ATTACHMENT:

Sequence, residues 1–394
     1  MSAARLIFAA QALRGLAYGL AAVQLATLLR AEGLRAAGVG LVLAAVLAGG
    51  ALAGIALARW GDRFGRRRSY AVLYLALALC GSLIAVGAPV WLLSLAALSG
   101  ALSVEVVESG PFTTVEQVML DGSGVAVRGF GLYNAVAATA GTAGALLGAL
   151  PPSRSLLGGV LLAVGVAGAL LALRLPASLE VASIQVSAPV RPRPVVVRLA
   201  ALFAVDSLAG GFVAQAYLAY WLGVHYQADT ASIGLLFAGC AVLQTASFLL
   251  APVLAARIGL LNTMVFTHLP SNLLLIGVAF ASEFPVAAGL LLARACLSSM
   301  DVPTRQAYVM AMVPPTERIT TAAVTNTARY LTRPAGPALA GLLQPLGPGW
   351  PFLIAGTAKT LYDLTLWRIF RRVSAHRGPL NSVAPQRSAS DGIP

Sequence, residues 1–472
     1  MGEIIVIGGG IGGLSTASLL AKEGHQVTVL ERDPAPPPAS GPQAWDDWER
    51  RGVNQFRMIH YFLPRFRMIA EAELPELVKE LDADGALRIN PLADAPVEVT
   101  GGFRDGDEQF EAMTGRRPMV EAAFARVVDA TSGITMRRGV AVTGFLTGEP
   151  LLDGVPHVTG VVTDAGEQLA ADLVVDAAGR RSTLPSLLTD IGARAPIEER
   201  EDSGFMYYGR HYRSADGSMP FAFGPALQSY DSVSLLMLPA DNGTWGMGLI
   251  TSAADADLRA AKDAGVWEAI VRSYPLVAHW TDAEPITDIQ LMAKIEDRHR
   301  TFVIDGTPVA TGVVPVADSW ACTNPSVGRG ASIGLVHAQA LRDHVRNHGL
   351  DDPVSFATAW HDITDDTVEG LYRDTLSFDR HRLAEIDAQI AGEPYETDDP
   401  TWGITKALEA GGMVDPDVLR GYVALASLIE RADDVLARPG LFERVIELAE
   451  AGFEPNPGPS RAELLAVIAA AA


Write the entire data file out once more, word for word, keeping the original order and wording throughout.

Sequence, residues 1–394
     1  MSAARLIFAA QALRGLAYGL AAVQLATLLR AEGLRAAGVG LVLAAVLAGG
    51  ALAGIALARW GDRFGRRRSY AVLYLALALC GSLIAVGAPV WLLSLAALSG
   101  ALSVEVVESG PFTTVEQVML DGSGVAVRGF GLYNAVAATA GTAGALLGAL
   151  PPSRSLLGGV LLAVGVAGAL LALRLPASLE VASIQVSAPV RPRPVVVRLA
   201  ALFAVDSLAG GFVAQAYLAY WLGVHYQADT ASIGLLFAGC AVLQTASFLL
   251  APVLAARIGL LNTMVFTHLP SNLLLIGVAF ASEFPVAAGL LLARACLSSM
   301  DVPTRQAYVM AMVPPTERIT TAAVTNTARY LTRPAGPALA GLLQPLGPGW
   351  PFLIAGTAKT LYDLTLWRIF RRVSAHRGPL NSVAPQRSAS DGIP

Sequence, residues 1–472
     1  MGEIIVIGGG IGGLSTASLL AKEGHQVTVL ERDPAPPPAS GPQAWDDWER
    51  RGVNQFRMIH YFLPRFRMIA EAELPELVKE LDADGALRIN PLADAPVEVT
   101  GGFRDGDEQF EAMTGRRPMV EAAFARVVDA TSGITMRRGV AVTGFLTGEP
   151  LLDGVPHVTG VVTDAGEQLA ADLVVDAAGR RSTLPSLLTD IGARAPIEER
   201  EDSGFMYYGR HYRSADGSMP FAFGPALQSY DSVSLLMLPA DNGTWGMGLI
   251  TSAADADLRA AKDAGVWEAI VRSYPLVAHW TDAEPITDIQ LMAKIEDRHR
   301  TFVIDGTPVA TGVVPVADSW ACTNPSVGRG ASIGLVHAQA LRDHVRNHGL
   351  DDPVSFATAW HDITDDTVEG LYRDTLSFDR HRLAEIDAQI AGEPYETDDP
   401  TWGITKALEA GGMVDPDVLR GYVALASLIE RADDVLARPG LFERVIELAE
   451  AGFEPNPGPS RAELLAVIAA AA